It's no secret the U.S. economy is going through a challenging period at the moment. High inflation has prompted the Federal Reserve to aggressively hike interest rates, often 75 basis points at a time, triple the more typical 25-basis-point move.

Inflation and interest rate hikes have put pressure on consumers' spending power, in turn forcing companies to cut their marketing budgets as they prepare to earn lesser returns on their investments. That's bad news for a company like Snap (SNAP -1.96%), the parent of social media platform Snapchat, because it's reliant on advertising dollars.

Snap stock fell a whopping 28% last Friday after the company reported its third-quarter financial results. The stock has now declined 90% since hitting its all-time high price of $83.11 in 2021. But there were some positive takeaways from the report. So has the pessimism gone too far and made Snap an attractive buy?

Snapchat's user base is still growing

And the growth is global. The third quarter saw an increase in daily active users (DAU) across every region the company tracks: North America, Europe, and the rest of the world. Overall, the global figure rose 19% year over year to 363 million, which could have positive implications for Snap's ability to recapture the attention of advertisers once the economy recovers.

Remarkably, Snap says it reaches 75% of people aged 13 to 34 years old across 20 different countries, and that makes the platform desirable for companies trying to engage with a young audience. Plus it's building new tools to help advertisers meet those users on their level, including augmented reality (AR) Lenses, which are already delivering major results.

A retailer recently used AR to enable Snapchatters to explore different types of outdoor furniture, and it resulted in a whopping 14-fold increase in the vendor's return on advertising spending. Similarly, a major clothing retailer drew 11 million impressions in the third quarter with its Lens, which allows consumers to try on clothes virtually using AR.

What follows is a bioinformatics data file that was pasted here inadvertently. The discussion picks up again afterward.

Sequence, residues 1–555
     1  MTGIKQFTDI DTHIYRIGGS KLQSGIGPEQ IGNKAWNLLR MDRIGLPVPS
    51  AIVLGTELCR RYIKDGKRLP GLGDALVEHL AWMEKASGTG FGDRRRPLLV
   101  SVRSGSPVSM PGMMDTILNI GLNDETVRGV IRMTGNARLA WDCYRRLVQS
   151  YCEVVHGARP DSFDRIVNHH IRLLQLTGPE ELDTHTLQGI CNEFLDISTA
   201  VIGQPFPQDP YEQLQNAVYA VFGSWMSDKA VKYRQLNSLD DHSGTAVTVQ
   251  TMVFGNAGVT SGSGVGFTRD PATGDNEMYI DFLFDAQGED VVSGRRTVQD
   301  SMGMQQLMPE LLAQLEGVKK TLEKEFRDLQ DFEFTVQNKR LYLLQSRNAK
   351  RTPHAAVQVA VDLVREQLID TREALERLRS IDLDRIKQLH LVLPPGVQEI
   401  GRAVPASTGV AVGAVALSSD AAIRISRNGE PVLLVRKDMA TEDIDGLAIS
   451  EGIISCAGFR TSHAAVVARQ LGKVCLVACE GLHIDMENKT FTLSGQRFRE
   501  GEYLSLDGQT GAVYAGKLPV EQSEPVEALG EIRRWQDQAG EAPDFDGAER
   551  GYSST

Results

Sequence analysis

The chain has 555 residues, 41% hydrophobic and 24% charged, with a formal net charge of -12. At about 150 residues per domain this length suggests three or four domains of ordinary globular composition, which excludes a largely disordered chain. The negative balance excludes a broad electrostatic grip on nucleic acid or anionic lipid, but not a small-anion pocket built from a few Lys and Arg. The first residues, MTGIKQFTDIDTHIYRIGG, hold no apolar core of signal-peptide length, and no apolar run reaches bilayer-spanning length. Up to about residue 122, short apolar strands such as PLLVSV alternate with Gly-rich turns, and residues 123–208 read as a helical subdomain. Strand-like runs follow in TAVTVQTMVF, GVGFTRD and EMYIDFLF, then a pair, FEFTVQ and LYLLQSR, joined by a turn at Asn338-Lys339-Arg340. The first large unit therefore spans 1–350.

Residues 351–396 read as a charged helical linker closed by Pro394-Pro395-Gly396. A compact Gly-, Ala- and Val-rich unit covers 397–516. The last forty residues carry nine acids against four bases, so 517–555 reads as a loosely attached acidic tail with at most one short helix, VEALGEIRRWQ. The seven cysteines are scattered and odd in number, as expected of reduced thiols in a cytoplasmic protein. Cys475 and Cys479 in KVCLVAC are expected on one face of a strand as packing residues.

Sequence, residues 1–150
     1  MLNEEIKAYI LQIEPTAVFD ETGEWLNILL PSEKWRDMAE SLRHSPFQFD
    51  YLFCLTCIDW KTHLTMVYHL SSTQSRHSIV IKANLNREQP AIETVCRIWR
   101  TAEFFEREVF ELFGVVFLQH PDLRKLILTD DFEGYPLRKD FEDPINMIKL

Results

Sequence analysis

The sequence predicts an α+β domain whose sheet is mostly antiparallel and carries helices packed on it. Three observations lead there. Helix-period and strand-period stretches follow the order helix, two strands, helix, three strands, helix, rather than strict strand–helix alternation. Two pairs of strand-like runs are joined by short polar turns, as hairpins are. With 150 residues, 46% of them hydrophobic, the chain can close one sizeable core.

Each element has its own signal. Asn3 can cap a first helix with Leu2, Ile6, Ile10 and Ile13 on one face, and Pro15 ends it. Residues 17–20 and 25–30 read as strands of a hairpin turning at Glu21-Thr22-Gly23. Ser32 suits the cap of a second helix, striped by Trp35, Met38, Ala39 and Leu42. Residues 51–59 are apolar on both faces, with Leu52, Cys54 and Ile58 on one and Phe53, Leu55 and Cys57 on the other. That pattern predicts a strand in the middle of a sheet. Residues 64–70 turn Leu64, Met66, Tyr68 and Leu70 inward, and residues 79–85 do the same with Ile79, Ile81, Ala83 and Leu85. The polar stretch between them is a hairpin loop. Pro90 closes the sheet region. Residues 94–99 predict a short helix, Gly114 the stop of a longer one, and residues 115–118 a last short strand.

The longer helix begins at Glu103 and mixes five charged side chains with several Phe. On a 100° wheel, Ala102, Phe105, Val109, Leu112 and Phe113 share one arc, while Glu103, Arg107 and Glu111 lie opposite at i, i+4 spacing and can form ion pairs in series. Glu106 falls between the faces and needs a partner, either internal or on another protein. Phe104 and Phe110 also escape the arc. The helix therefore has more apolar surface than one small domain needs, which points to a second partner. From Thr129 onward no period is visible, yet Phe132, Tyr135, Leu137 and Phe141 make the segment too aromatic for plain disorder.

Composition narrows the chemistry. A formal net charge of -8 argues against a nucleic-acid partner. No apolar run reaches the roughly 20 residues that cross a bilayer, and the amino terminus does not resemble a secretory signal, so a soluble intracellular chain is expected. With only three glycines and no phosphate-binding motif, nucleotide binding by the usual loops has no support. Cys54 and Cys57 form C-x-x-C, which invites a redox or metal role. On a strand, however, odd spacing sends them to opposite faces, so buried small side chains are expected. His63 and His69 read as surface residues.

While such innovation is almost certainly part of advertising's future, Snap continues to struggle with new privacy rules instated by Apple last year that prevent Snap and other app creators from tracking their users across the internet. It has led to a drop in monetization with Snap's average revenue per user dipping 11% year over year to $3.11 in the third quarter.

But as time goes on, Snap's ad strategy might become less about targeting and more about engaging users who are proactively seeking AR-powered shopping experiences on the platform. It's because currently, Snap's monetization isn't driven by users interacting with their friends' content but comes instead from users watching content from creators and partners who have the power to influence consumer spending decisions.

Less revenue per user means slowing revenue growth

Despite Snap's average revenue per user declining, its increase in user base overall was enough to boost its third-quarter revenue  a modest 6% year over year. But the company's quarterly results have been anything but linear recently.

A chart of Snap's quarterly revenue.

Snap also refrained from offering revenue guidance for the current fourth quarter, so investors will have to make predictions with one hand tied behind their backs in what's arguably the most important period of the year. Holidays like Thanksgiving and Christmas tend to see an uptick in marketing spending as companies fight for consumers' dollars. And if there's one thing investors don't like, it's uncertainty, so the lack of guidance is one reason Snap stock was punished so heavily last week.

Slowing revenue growth also has other implications. A company like Snap thrives on constant innovation, but when there's less money coming in, it has to choose between spending less and sustaining large losses. Since the beginning of 2022, Snap has incurred a net loss of more than $1.1 billion.

Snap might still be a long-term buy

Despite the swathes of red ink for Snap this year, it's making moves now to cut costs and run a leaner business. In August, the company slashed 20% of its workforce, or around 1,300 staff, and it also shuttered some of its expensive, underperforming business ventures like the Pixy drone.

Plus Snap has more than $4.4 billion in cash, equivalents, and marketable securities on its balance sheet, so it has plenty of runway to continue investing in the business while operating at a loss. However, in this environment, investors might continue to punish Snap stock if the business doesn't begin to show consistent profitability on a generally accepted accounting principles (GAAP) basis.

But so long as the user base continues to expand and the company finds success in new ad experiences with tools like AR, there might be value in the stock over the long term. Since it's trading at a price-to-sales ratio of just 2.9 right now, close to its cheapest valuation since becoming a public company, this might be the time for investors to make a bet -- but perhaps a small one.